When the world was yet young, a golden swan, who had been
elected king of the birds, had a lovely daughter, and to her he promised the
boon of being allowed to choose her own husband. When all the birds were
assembled, she gazed on them, and, by reason of his beautiful colouring, chose
the peacock. Overjoyed by his good fortune, the peacock spread his feathers and
began to dance, thus exposing himself, and feeling no shame. The swanking was so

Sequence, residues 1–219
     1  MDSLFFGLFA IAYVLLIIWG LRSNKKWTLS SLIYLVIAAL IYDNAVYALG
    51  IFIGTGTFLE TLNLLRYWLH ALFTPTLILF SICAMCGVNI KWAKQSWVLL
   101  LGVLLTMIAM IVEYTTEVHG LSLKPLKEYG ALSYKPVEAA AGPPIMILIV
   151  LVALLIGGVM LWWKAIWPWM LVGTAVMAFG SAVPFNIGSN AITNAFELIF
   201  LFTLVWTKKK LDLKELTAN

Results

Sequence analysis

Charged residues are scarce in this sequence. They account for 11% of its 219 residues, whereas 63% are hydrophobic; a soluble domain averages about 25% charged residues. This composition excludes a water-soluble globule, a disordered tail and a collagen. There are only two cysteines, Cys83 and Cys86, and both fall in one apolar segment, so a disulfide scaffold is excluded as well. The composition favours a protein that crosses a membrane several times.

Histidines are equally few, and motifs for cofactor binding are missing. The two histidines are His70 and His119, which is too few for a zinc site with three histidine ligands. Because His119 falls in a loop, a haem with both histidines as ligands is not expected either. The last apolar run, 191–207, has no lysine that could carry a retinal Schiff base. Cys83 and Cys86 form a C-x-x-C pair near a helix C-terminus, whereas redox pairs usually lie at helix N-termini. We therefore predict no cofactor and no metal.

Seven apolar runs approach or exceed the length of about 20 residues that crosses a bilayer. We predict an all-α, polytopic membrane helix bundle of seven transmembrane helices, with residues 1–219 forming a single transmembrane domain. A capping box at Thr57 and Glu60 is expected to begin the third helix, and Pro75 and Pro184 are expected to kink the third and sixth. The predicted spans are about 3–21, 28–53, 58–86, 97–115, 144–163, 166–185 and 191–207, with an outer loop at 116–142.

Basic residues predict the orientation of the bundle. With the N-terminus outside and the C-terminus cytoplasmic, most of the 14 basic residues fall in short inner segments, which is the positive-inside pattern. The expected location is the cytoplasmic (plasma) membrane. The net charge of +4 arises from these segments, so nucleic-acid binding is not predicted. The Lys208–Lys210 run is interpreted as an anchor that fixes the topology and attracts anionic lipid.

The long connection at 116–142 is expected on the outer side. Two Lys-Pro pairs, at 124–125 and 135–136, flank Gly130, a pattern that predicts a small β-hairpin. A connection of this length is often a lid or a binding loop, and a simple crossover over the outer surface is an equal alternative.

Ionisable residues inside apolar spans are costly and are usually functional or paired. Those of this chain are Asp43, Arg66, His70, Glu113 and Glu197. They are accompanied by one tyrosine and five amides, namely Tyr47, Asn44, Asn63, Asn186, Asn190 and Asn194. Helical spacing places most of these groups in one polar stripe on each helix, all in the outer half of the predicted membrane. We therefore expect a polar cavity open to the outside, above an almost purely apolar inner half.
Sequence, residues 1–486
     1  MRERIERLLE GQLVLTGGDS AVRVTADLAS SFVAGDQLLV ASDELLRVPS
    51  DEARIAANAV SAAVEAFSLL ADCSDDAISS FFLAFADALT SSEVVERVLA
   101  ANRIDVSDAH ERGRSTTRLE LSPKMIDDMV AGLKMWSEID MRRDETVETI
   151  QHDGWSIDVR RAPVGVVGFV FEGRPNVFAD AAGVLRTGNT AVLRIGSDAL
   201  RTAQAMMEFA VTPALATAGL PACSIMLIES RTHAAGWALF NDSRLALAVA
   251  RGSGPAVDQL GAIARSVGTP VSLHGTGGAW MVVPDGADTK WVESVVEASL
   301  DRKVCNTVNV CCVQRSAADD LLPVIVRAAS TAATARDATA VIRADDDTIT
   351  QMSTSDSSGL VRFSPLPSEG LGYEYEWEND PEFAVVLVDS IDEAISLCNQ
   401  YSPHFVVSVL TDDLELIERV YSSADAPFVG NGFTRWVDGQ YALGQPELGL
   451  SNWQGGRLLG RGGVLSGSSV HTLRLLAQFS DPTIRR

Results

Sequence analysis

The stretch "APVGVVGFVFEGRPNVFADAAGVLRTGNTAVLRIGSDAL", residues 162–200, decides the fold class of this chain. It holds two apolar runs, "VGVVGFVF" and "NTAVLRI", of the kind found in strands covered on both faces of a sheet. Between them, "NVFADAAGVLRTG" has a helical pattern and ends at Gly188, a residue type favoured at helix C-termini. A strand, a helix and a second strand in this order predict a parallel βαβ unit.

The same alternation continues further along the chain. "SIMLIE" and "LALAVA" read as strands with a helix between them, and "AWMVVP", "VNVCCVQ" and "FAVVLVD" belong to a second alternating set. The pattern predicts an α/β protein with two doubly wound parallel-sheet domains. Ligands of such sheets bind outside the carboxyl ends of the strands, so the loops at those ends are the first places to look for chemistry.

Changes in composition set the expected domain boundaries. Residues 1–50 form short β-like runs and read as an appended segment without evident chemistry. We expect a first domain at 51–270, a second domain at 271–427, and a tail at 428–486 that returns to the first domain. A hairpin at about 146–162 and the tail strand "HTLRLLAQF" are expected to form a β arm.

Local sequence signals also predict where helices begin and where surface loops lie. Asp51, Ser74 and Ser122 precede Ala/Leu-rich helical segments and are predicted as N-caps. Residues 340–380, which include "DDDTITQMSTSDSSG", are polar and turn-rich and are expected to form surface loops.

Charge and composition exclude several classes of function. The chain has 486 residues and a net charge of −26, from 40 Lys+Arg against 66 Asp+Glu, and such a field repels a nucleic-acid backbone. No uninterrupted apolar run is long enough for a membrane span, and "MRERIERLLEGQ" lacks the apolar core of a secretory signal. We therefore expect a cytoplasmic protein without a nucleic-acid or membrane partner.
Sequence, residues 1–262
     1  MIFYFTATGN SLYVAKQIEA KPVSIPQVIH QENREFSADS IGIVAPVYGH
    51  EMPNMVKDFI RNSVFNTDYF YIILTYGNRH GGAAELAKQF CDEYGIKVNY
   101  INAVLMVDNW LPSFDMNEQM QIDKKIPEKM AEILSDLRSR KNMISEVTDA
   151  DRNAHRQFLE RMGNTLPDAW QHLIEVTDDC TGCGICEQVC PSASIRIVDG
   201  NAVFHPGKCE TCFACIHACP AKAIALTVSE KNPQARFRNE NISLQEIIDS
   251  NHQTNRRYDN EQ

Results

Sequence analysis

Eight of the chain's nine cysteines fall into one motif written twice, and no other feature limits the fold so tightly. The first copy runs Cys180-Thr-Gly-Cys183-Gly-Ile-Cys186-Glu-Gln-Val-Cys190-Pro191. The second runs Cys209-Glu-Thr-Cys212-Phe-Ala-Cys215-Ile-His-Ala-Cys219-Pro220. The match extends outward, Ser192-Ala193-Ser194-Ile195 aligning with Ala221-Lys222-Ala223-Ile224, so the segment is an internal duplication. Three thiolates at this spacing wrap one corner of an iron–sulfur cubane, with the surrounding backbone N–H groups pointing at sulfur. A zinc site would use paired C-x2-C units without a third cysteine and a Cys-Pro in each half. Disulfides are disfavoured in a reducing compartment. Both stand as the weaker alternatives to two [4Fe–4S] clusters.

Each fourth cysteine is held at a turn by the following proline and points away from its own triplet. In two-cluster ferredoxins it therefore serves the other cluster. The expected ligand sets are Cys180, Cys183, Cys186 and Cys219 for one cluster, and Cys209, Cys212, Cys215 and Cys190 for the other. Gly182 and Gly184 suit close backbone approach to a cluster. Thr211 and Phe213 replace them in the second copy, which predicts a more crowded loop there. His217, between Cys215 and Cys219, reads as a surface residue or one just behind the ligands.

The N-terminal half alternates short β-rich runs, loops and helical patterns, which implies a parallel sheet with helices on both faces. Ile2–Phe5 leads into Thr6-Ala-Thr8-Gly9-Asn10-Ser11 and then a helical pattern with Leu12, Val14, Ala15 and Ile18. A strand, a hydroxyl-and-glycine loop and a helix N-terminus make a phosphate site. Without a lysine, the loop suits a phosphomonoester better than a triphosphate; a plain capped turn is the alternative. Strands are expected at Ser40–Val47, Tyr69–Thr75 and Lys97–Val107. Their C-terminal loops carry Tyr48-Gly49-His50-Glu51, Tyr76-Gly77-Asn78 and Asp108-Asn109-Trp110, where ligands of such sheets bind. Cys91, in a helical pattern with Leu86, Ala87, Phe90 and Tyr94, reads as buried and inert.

shocked by this lack of modesty that he gave his daughter to a young swan.
The story was related in reference to a monk who was
charged before the Buddha with possessing too many clothes. On being questioned
by the Buddha, he removed all his clothes and stood naked in the assembly. The
people expressed disgust at his behaviour, and he
became a layman. He is identified with the peacock of the story.
J.i.206ff. The story is sculptured in Bharhut; see Stupa
of Bharhut. Pl.zzvii. (11).